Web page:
Back in The Northern Territory.

We made our way back South through the Northern Territory, stopping at a couple of places we had enjoyed when we were here last year. This included a dip in the hot springs at Mataranka and an overnighter with a beer at the historic Daly Waters pub. We also found a couple of new places to stay, the pick of which was camping at the disused Uranium Mine at Mary Kathleen.

The disused Uranium mine…………
…….and the road up there.

This was a strange place where the entire village has been demolished leaving only the foundations behind, which are now used as lovely flat camping pitches. We also drove up to the mine along yet another road, that became a rough track, that became a rocky trail, that became a cliff edge!

The camping area, along with inquisitive cows.

Our next and final significant stop on this section of our trip was at a place called Cobbold Gorge. This was somewhere we had wanted to visit previously, but the 90 kilometre drive from the highway along the unsealed road is pretty unsuitable for two wheel drive vehicles. But now we were armed with our 4WD campervan (minus mudflap and number plate), off we went.

Cobbold Gorge was almost a cross between El Questro and Lake Argyle but on a much smaller scale. It is a working cattle station, diversifying into tourism, with a very smart campsite with yet another infinity pool. “These infinity pools are like buses”, said Steve. “You don’t see one for 18 months and then two come along at once”.

A great place to pass a few hours……or maybe a few days.

It was Sarah’s birthday while we were there. It is pretty difficult in remote places to plan anything special and surprising but we did do some Stand Up Paddleboarding plus a walking and boat tour as a treat. It was pretty low key, and a lot more relaxing than it sounds, but with a couple of hours sitting in the sun by the pool thrown in, she had a pretty good day.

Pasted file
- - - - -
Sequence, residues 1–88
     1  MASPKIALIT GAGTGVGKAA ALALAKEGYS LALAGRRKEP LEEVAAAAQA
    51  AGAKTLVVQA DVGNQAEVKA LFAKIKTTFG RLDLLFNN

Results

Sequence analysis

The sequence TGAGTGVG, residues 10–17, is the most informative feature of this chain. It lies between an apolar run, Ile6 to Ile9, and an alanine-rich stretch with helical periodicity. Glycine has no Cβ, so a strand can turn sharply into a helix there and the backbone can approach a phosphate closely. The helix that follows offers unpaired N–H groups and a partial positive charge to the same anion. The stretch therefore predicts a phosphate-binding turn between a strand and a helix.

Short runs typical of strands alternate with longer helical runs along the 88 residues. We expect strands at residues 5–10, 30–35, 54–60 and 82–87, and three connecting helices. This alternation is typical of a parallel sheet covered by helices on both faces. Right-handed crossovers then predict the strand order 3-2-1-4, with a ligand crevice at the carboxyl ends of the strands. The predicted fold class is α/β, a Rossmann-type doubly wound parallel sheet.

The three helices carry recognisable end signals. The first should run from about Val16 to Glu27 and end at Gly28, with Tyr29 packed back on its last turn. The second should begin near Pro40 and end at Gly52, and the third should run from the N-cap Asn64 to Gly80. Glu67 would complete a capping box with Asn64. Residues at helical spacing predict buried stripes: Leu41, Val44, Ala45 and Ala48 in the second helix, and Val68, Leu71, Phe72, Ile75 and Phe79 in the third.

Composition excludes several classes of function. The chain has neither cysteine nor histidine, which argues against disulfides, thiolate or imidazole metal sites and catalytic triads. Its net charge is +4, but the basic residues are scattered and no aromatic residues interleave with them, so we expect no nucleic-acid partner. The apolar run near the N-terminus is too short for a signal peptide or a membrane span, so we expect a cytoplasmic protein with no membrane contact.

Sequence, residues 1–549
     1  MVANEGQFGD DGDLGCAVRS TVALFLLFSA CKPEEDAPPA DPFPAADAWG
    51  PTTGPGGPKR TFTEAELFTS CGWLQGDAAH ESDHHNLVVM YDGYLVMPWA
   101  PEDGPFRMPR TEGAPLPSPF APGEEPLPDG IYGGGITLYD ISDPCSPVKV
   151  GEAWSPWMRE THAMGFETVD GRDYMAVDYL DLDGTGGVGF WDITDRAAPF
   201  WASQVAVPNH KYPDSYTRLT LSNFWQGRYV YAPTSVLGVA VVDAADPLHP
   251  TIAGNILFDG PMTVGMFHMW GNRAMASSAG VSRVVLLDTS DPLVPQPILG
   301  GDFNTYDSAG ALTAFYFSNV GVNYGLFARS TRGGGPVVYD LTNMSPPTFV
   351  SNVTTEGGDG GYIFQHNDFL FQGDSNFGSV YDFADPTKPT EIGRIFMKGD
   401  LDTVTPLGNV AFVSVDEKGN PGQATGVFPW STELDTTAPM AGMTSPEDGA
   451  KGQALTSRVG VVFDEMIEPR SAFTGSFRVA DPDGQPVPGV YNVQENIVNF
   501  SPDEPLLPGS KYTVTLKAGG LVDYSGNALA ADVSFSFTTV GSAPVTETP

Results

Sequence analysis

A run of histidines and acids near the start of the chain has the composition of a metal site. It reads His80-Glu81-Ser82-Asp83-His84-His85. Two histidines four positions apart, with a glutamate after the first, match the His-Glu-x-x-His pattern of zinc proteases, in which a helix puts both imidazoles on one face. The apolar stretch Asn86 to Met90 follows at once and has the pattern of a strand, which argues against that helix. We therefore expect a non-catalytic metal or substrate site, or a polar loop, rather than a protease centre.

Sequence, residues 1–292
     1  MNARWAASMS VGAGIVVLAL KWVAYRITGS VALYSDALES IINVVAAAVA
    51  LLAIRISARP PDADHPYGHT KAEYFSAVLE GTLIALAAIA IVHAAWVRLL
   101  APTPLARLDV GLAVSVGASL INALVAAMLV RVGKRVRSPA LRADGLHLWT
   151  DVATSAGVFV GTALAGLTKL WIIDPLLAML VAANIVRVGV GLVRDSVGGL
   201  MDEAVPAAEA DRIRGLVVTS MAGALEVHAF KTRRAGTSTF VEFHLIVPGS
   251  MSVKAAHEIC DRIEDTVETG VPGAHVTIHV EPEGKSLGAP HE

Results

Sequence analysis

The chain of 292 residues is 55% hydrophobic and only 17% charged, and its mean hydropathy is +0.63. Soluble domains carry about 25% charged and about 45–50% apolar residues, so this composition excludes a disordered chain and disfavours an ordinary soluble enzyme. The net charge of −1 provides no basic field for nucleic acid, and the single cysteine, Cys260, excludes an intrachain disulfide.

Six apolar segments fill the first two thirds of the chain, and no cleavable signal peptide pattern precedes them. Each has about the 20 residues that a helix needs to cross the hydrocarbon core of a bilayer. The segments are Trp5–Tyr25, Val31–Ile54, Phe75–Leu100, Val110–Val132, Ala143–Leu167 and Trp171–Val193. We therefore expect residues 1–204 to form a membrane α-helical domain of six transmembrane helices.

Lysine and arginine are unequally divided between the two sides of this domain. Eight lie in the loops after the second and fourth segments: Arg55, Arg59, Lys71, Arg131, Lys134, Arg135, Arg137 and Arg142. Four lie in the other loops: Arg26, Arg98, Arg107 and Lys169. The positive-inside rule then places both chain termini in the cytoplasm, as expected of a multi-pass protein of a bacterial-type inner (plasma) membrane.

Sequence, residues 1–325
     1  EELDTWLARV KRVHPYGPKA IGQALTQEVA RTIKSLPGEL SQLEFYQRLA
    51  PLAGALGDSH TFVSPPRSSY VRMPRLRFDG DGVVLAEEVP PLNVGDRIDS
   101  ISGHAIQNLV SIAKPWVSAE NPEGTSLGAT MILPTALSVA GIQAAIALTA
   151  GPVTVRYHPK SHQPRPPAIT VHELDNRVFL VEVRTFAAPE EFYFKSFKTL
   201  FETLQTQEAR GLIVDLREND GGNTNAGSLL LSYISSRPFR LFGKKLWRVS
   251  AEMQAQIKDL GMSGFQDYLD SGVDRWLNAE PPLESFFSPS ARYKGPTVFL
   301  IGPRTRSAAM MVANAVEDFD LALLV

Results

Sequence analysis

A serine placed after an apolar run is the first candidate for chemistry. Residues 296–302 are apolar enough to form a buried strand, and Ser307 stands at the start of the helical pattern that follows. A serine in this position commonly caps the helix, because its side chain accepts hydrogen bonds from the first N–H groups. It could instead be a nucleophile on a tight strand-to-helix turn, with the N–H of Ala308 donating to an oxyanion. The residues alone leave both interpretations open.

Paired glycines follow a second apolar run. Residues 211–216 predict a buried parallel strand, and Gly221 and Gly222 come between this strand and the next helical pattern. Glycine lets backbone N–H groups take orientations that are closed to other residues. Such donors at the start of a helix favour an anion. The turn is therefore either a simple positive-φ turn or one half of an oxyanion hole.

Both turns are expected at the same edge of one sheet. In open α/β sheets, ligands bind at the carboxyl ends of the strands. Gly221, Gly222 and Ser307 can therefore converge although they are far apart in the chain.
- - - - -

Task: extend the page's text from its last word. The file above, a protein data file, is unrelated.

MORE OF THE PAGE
“Happy Birthday to you”

One thing we have noticed about the tours we have done is that they vary considerably in quality and professionalism, including the guides. Some are excellent and full of knowledge, while others are, shall we say, not as excellent and try their best. Part of the problem has been the pandemic. Due to the International borders here having been shut for well over a year there is a severe lack of immigrant workers which Australia relies on.  This includes competent guides or people capable of becoming competent guides so this has resulted in anybody passing through being able to get a job doing pretty much anything. It would have not been much of a problem, if our visas allowed and we were that way inclined, for Steve to be a paddleboard guide and Sarah to give tours explaining the various uses of native plants and berries!

“And here we have the very bigus spiderus”

So we drove the 90 kilometres back to the highway enjoying the last of our four wheel driving in Australia and continued our journey across Queensland. Six hours later, we had crossed the Atherton Tablelands, where they grow almost every tropical fruit you can think of and some you have probably never heard of, and we were descending through the rainforest back down to the East coast.

Seven months after we left Clifton Beach and said our goodbyes to our landlord John, his wife Sheree, and their dog Rosie, we were back knocking on their door again. “I don’t suppose our old apartment is available for three weeks?” was our question. “It sure is”, was the reply. So we unpacked and settled into our apartment, surrounded by a plethora of life’s luxuries including, a washing machine, oven, electricity, running water (hot), TV and a real bed with a mattress. Oh, and so much space. It was going to be a good few weeks!

It’s good to be back!

Sunsets, Spiderman and a Solar Shower.

We left Ningaloo Reef on a real high. It had, unquestionably, been one of the highlights of our time in Australia. Our journey now took us away from the coast as we travelled directly East, inland, heading towards Karijini National Park. We had never heard of Karijini until a few weeks ago when we started to look at possible places to stop on our route, but it seemed to be mentioned more and more as we met travellers heading in the opposite direction who had come from there or travellers heading back there for a second or third visit. We started to think this place must be pretty good, or is it just one of those places in which people make a big deal out of nothing, just because it is the only place for hundreds of kilometres? There are certainly a few of those in OZ!